To illustrate: attorney turned baseball super-agent Scott Boras of the Boras Corporation is a Scorpio with his Moon in Taurus. (Chart) Boras is considered one of the most powerful forces (Scorpio) in the business of baseball (Taurus Moon). He may be the individual most directly responsible for the average major league player salary going from $200,000 in 1981 to $4,200,000 in 2016. A 2007 profile in the New Yorker quoted a fellow sports agent as calling Boras, “the absolute special forces guy of contract negotiation”. (Source) A 2016 ESPN article observed similarly, “When there’s no obvious source of power in a negotiation, he finds it, finagles it, finesses it, flies it over the stadium.” (Source)

As you might imagine, the players love him as his shrewd business acumen and gifts for handling money have helped them procure excellent financial returns on their own resources — their bodies and physical skill-sets. Among team owners he is hated and feared. They see him as nothing less than a super-villain (Scorpio) running an extortion racket (Taurus Moon) and have deployed their surrogates in the media to make sure he is depicted as an icon of greed to the fans. The less visible (Scorpio) reality on the ground (Taurus) is that he represents millionaires (the players) in their battles against billionaires (the team owners). Legal precedents set in favor of millionaires battling against billionaires are actually highly relevant to middle class workers who must negotiate with multi-national corporations. A former professional player himself Boras’ breakthrough came in 1981 just as was in the peak of his first Saturn Return – an astrological rite of passage that signals the onset of true adulthood. From the 2007 New Yorker profile of Boras:

That summer, he approached a tall pitcher named Tim Belcher, who had just finished his junior year at Mount Vernon Nazarene College, in Ohio, and had been selected No. 1 over all in the amateur draft by the Minnesota Twins. College juniors were seen as highly exploitable, because of the quirks of N.C.A.A. eligibility rules. They had no bargaining leverage. The Twins initially offered Belcher eighty thousand dollars to sign, which was twenty thousand dollars less than Rick Monday had received in 1965, as the first pick in the first draft. (Source)

As Boras correctly pointed out at the time, Belcher was a 21 year old college kid who hadn’t even finished his undergraduate degree while the Twins were a major league sports franchise with a team of highly-trained attorneys. It was thus ludicrous to expect negotiations between the two to be anything approaching fair if Belcher went into the process by himself. Based on Boras’ advice, Belcher did not to sign with the Twins, a decision that sent shock waves through the baseball world. Belcher re-entered the draft the next year and ended up signing with the New York Yankees for $120,000. Draft bonuses steadily over the next thirty years in large part due to Boras’ efforts at representation. These days a player drafted where Belcher was drafted in 1981 will sign for millions — which only seems outlandish until your remember that the people signing the checks are representing multi-national corporations worth billions.

Astrologer Jefferson Anderson calls Scorpio/Taurus “The Leader” who in addition to being excellent at resource management also “feels an urge to help those less advantaged”. (Source) What Boras was doing with Belcher, and scores of young players since, isn’t just contract negotiation; it’s actually resource management on behalf of individuals who would otherwise be at an enormous disadvantage in their dealings with huge sports conglomerates. This makes him, in effect, akin to a modern day Vampire Hunter (Scorpio) on a hunt for bounty (Taurus Moon), a Saumrai (Scorpio) of fortune (Taurus Moon), one who wields contract law and legal precedent as effectively as samurais of old wielded katanas and wakizashis.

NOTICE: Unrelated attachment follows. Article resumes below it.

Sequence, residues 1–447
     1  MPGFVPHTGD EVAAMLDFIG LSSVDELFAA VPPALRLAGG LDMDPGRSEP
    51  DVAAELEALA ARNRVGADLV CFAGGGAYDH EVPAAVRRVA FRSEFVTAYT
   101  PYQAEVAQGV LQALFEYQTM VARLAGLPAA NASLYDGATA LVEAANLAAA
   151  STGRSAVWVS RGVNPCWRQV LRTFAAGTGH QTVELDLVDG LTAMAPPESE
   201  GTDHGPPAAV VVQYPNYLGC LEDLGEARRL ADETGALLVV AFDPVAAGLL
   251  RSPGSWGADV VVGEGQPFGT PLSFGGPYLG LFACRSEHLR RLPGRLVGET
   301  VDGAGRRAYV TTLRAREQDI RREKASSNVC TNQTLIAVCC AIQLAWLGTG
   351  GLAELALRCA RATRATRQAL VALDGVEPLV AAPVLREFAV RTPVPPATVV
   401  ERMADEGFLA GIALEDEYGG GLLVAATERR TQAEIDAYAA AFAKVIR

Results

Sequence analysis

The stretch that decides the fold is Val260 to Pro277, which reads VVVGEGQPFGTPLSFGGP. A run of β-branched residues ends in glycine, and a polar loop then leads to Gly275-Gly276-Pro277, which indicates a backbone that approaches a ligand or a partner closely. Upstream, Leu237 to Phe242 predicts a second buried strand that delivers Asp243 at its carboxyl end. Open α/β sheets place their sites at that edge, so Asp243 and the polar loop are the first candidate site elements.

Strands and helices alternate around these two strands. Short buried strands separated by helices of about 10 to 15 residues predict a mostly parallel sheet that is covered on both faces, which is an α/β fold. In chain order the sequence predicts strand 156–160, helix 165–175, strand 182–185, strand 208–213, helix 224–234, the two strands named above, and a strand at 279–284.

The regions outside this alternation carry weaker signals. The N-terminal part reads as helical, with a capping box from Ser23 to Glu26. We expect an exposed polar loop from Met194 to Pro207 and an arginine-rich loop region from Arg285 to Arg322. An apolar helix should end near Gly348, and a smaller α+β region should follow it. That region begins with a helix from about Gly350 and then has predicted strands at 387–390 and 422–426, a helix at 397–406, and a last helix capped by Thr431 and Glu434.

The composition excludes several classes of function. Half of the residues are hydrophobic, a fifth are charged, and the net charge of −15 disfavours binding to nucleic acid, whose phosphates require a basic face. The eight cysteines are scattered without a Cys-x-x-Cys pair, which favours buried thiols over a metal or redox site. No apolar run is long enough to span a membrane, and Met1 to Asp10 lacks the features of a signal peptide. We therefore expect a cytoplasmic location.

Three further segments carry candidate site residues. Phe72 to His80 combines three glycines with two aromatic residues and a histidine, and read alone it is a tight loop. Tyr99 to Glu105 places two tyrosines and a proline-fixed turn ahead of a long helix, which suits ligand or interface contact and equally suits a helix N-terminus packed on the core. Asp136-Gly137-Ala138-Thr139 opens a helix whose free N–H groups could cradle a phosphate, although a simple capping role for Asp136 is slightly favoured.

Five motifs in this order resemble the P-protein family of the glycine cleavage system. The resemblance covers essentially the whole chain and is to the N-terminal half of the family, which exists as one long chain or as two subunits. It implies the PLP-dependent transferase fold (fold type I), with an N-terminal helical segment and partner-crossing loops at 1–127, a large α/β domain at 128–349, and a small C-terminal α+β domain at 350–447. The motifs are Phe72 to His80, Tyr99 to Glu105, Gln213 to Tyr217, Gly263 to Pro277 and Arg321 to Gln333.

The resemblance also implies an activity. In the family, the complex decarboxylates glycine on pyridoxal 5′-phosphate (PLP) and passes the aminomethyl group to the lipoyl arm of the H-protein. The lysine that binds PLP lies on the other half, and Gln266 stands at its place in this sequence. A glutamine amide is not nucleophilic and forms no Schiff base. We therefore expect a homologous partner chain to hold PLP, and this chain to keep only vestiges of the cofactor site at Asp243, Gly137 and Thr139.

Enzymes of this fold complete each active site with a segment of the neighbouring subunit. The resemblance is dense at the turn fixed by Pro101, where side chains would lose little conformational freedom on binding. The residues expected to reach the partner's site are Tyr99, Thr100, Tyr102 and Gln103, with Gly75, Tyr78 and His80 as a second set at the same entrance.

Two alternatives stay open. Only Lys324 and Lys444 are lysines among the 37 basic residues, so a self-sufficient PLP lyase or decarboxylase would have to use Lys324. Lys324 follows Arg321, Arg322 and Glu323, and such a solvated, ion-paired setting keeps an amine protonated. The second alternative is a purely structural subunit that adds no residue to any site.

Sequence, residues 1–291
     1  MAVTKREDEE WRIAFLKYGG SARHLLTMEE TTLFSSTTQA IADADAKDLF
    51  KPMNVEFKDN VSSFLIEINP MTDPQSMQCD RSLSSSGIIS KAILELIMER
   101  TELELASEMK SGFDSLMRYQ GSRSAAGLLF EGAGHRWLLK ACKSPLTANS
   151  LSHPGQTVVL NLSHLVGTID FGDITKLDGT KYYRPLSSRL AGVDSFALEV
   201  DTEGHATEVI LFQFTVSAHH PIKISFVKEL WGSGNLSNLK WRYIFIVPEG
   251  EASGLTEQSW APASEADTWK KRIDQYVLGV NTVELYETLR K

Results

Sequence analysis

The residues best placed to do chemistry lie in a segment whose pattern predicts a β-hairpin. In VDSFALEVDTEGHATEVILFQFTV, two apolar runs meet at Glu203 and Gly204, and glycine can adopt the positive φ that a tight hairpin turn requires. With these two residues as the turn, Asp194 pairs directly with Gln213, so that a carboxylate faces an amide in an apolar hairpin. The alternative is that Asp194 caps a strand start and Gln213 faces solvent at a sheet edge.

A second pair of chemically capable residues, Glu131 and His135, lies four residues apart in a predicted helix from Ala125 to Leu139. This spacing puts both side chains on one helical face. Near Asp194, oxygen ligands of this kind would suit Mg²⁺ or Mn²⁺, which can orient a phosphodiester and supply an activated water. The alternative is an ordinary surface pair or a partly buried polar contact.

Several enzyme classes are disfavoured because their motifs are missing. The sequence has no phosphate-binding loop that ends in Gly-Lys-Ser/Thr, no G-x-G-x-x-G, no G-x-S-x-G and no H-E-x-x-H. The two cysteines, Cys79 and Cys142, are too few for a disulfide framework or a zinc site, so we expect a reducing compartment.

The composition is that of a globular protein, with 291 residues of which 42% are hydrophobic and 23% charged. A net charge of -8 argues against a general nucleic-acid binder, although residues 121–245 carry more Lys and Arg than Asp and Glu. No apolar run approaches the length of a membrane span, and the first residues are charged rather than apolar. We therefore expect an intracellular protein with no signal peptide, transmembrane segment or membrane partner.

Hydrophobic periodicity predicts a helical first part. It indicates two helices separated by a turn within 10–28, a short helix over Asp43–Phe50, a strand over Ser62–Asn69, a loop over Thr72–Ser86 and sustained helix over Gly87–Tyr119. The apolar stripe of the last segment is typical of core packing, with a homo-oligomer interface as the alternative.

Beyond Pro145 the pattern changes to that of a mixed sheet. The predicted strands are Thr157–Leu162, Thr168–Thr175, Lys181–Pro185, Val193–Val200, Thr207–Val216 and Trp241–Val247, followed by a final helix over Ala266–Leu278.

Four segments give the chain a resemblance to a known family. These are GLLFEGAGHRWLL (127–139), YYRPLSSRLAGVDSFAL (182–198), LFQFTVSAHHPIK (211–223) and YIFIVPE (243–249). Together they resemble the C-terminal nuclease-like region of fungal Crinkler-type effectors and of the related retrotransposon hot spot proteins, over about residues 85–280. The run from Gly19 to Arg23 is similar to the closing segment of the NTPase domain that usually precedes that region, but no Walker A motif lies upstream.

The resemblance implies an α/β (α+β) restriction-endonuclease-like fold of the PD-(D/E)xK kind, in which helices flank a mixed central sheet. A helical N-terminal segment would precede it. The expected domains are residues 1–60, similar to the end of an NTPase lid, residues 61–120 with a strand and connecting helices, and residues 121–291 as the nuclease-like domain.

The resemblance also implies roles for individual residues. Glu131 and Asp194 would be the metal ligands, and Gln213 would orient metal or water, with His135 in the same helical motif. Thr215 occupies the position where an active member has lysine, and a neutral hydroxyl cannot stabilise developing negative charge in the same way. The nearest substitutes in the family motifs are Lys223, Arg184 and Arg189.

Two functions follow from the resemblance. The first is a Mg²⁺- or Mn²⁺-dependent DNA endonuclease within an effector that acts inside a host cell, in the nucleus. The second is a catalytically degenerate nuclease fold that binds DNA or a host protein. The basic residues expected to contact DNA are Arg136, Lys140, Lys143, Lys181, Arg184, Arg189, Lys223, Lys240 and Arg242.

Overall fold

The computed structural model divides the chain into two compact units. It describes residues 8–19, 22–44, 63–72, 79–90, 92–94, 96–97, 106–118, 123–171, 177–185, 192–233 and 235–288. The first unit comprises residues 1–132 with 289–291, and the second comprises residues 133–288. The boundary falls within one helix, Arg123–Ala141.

Both Scorpio and Taurus are what’s known as “fixed” signs

The world of high stakes professional sports contracts may not be a literal hell like Persephone’s trip through the underworld or Bob Gibson’s trip through the Deep South but it is a notoriously dog-eat-dog world where ruthlessness, lawlessness, and bloodthirsty backstabbing are what’s known as “the nice parts of the industry.” As a former associate of Boras has observed, “In this business, if you’re not paranoid, you’re not doing your job.” (Source)

The baseball world is particularly cold and ruthless when it comes to the treatment of pitchers as they are the players most likely to see their careers shortened due to the repetitive strain of overhand throwing. According to a member of a team’s medical staff quoted in the ESPN article on Boras,”There is one group of people out there that feels that pitchers are a commodity, and you use them until they’re used up, then you bring the next person in”. Boras isn’t an Earth Mother as per Kaldera’s description of the Scorpio/Taurus pairing. However, in a sport that routinely grinds pitches up and throws them out like yesterday’s garbage, Boras has made his mark making sure the pitchers he represents have everything they need to succeed, from top flight legal counsel to sports psychologists and orthopedic surgeons to stacks and stacks of research studies.

According to the Harveys, two metaphoric images for the Scorpio/Taurus pairing are, “A celebrated surgeon amasses a fortune” and ” A successful businessman probes the mysteries of life”. (Source) Both images are actually excellent approximations of Boras. He’s not technically a surgeon but he does have a degree in industrial pharmacology and his firm has conducted pioneering research into keeping players healthy, both physically and psychologically. His firm has thus accumulated enormous amounts of knowledge about the mysteries surrounding performance, injuries, and risk; all seen and unseen factors that enable one player to maximize the long term ROI on his skills as compared to another. For this he’s become a sports celebrity and amassed multiple fortunes; not only for himself and his clients but also for players throughout baseball as aggressive representation of his clients has created a rising tide of salaries for the entire ecosystem of professional baseball.

About the Author: Matt Savinar is a California licensed attorney (State Bar #228957), voluntarily inactive as of June 2013. He can be reached for questions, comments, or consults at his contact page.